The Marvels

Superpowers, music performances, and cats: Nia DaCosta has (too much) fun

After the final chapter of Avengers: Endgame, the Marvel universe seems to have lost its focus: building an interesting story around the “survivors” or the new characters that have debuted in the series seems almost impossible.

We are still wondering what happened to the Eternals, Dr. Strange’s second adventure didn’t make the audience fully happy and there’s Captain Marvel, who seemed to be the best candidate to become the top superheroine of the franchise.

Following the 2019 film by Anna Boden and Ryan Fleck (not the perfect job, but certainly well done) here comes the sequel directed by Nia DaCosta, The Marvels, released in Italy on November 8, 2023, and debuting today, November 10, in the U.S. The film stars Brie Larson, Teyonah Parris, and Iman Vellani in the main roles.

This time, Carol Danvers is joined by Monica Rambeau and Kamala Khan: the girls find themselves teaming up in an improvised but very powerful trio.

Necessary premise: the film takes place after the events of the Ms. Marvel miniseries, starring Canadian actress Iman Vellani, who plays Kamala Khan, a sixteen-year-old fan of the Avengers and Captain Marvel in particular. In the series, she finds a Quantum Band that gives her magical powers, turning her into one of the superheroes she has always admired. In this film, Kamala finds herself finally collaborating with her idol, Carol Danvers, due to an accident: Carol, Kamala, and Monica (daughter of Carol’s deceased friend, Maria, and now S.A.B.E.R. astronaut working for Nick Fury) start unintentionally switching places through teleportation, every time they use their powers.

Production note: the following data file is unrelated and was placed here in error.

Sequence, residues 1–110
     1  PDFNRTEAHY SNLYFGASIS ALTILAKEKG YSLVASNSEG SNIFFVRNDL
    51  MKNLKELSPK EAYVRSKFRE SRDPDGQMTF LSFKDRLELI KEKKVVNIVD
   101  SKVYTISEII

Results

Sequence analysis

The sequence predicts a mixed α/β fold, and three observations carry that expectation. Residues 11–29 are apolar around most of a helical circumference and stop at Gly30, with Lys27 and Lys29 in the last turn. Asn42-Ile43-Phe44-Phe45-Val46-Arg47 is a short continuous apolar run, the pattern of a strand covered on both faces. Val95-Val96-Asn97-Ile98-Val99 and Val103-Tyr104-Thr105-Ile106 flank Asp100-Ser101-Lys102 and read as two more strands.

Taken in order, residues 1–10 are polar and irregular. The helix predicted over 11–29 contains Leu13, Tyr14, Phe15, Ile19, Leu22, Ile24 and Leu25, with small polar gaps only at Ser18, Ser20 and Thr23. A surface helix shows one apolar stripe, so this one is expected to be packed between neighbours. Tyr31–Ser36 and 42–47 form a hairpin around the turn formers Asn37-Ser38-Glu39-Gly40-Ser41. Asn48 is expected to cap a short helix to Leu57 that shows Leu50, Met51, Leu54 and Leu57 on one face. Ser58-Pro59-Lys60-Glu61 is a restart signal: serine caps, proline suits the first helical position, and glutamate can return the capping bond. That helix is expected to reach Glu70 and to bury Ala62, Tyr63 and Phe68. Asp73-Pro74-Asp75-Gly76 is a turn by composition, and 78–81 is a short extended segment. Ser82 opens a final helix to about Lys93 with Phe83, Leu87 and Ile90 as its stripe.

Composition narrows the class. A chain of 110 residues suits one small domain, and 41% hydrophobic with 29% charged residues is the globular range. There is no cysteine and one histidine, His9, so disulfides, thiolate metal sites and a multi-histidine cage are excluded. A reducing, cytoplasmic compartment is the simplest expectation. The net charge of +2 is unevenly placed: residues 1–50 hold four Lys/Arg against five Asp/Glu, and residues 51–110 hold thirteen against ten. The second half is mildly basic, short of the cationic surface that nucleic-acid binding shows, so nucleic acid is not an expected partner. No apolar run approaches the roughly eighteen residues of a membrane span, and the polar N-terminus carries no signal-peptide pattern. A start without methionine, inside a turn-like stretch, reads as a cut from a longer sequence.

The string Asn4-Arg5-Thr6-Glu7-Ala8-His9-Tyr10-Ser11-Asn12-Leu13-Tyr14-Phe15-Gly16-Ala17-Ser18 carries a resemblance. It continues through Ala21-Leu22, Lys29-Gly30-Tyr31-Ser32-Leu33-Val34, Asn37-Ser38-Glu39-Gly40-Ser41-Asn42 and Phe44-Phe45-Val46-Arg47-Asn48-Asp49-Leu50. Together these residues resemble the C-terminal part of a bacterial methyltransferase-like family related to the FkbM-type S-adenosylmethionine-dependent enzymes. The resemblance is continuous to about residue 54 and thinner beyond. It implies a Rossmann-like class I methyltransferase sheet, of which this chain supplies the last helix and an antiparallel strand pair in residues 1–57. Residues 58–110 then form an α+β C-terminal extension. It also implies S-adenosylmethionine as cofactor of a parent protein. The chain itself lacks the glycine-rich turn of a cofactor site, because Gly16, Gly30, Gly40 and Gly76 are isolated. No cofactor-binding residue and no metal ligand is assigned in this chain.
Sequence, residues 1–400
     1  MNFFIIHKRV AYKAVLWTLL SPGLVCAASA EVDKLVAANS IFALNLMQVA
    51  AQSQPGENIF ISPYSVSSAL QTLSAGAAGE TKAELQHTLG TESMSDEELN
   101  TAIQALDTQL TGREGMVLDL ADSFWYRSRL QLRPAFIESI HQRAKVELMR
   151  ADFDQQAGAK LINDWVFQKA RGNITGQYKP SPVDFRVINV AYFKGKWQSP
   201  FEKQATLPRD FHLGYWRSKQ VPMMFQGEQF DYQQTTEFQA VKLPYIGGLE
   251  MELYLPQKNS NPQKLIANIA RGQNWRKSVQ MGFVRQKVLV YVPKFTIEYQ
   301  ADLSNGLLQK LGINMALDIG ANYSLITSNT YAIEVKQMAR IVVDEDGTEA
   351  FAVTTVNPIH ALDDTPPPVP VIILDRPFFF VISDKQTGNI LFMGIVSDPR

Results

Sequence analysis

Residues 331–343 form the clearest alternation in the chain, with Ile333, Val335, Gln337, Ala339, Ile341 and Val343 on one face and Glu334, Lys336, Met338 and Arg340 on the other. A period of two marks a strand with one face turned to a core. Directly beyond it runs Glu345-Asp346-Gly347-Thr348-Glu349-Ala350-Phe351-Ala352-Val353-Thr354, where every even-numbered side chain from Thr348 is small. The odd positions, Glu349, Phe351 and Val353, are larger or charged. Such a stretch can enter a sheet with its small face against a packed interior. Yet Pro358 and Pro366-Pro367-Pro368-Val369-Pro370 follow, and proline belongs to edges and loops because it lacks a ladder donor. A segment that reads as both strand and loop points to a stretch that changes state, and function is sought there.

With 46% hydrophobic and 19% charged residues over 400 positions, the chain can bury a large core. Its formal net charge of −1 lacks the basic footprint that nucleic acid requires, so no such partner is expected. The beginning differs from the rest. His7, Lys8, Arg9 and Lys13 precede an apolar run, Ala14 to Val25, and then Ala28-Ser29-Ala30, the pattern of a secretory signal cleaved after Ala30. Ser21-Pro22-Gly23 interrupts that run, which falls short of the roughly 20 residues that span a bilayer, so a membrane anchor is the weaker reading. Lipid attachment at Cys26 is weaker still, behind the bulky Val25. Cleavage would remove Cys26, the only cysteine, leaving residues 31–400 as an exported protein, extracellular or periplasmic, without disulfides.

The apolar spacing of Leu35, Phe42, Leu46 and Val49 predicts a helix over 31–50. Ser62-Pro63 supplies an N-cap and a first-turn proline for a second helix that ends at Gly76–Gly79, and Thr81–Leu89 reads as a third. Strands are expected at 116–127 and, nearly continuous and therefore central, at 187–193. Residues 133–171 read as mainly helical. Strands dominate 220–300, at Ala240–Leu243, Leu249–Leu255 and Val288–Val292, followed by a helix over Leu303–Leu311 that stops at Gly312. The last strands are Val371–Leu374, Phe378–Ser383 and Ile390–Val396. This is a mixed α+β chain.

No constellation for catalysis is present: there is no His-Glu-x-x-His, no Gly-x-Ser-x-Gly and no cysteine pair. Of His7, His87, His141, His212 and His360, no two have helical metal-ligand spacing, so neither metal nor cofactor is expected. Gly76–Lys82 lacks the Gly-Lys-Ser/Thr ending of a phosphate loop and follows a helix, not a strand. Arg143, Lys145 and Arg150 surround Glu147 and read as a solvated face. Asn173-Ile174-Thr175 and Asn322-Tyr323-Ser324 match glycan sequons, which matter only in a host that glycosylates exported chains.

The destruction of the Supreme Intelligence by Captain Marvel leads to a civil war among the Kree species on the planet Hala, which is losing air, water, and sunlight. The new leader of the Kree, Dar-Benn retrieves one of a pair of Quantum Bands without knowing that the missing one is in Kamala’s hands. Pairing the one she has with the Universal Weapon, Dar-Benn tears apart a jump point in space causing the anomaly that leads The Marvels to switch their places. The girls have to join their forces to close the jump point and try to restore the peace to Hala.

The Marvels starts in a fun, all-female atmosphere: Kamala is the fangirl of the group, looking for her place in the group of superheroes. Carol and Monica are busy trying not to be overwhelmed by the torments of their past that risk compromising the solidity of the trio. This is precisely the core of the film: learning to metabolize the pain, leaving the past behind, and accepting the present challenges, between navigating the unexpected and laughing now and then.

The conditions for a successful film are all there, but some choices in terms of screenwriting choices are arguable: director Nia DaCosta (Little Woods, Candyman), who also co-wrote The Marvels alongside Megan McDonnell and Elissa Karasik, adds the unnecessary. Some Disney and theatre-inspired musical moments could be avoided as well as cats, many cats. We are talking about alien cats like Goose (you know Carol’s cat  “central” role if you watched Captain Marvel), who swallows objects and people and plays an essential part in the success of this mission.

Never forget that this is a superhero film and that expectations must be kept low after so many films in the franchise.

Let’s appreciate Disney’s work in making diversity and inclusion the principles that are guiding their new films: Kamala, a Pakistani who emigrated to New Jersey, is the character to keep an eye on. Her teenage free spirit and her naturally fun family are the treasures of this film. The performances (from Larson’s to Samuel L. Jackson’s as Fury) are always spot on, but the screenplay is a little weak.

Giving more space to female and non-female characters, with different ethnic origins, also means creating relevant stories for them. Only fewer frills can make them more believable to the audience, giving them the space they deserve on the big screen.




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